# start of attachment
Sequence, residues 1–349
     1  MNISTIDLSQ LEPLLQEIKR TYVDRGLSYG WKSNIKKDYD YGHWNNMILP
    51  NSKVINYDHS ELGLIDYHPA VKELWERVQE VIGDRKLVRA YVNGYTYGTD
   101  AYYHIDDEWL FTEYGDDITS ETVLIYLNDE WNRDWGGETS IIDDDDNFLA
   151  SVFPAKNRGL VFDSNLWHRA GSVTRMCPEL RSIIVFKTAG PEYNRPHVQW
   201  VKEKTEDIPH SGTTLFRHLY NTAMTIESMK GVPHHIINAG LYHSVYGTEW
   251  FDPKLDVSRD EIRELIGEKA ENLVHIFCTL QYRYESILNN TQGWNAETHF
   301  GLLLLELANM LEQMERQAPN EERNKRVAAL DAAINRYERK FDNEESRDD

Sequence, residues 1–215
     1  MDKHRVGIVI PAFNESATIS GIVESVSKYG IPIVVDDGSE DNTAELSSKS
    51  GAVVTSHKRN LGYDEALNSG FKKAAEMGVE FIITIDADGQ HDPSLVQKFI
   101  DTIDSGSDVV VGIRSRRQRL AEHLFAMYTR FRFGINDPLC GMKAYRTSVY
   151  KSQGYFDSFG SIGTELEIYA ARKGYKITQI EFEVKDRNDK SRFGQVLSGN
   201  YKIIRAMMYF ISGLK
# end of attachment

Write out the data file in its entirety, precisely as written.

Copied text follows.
Sequence, residues 1–349
     1  MNISTIDLSQ LEPLLQEIKR TYVDRGLSYG WKSNIKKDYD YGHWNNMILP
    51  NSKVINYDHS ELGLIDYHPA VKELWERVQE VIGDRKLVRA YVNGYTYGTD
   101  AYYHIDDEWL FTEYGDDITS ETVLIYLNDE WNRDWGGETS IIDDDDNFLA
   151  SVFPAKNRGL VFDSNLWHRA GSVTRMCPEL RSIIVFKTAG PEYNRPHVQW
   201  VKEKTEDIPH SGTTLFRHLY NTAMTIESMK GVPHHIINAG LYHSVYGTEW
   251  FDPKLDVSRD EIRELIGEKA ENLVHIFCTL QYRYESILNN TQGWNAETHF
   301  GLLLLELANM LEQMERQAPN EERNKRVAAL DAAINRYERK FDNEESRDD

Sequence, residues 1–215
     1  MDKHRVGIVI PAFNESATIS GIVESVSKYG IPIVVDDGSE DNTAELSSKS
    51  GAVVTSHKRN LGYDEALNSG FKKAAEMGVE FIITIDADGQ HDPSLVQKFI
   101  DTIDSGSDVV VGIRSRRQRL AEHLFAMYTR FRFGINDPLC GMKAYRTSVY
   151  KSQGYFDSFG SIGTELEIYA ARKGYKITQI EFEVKDRNDK SRFGQVLSGN
   201  YKIIRAMMYF ISGLK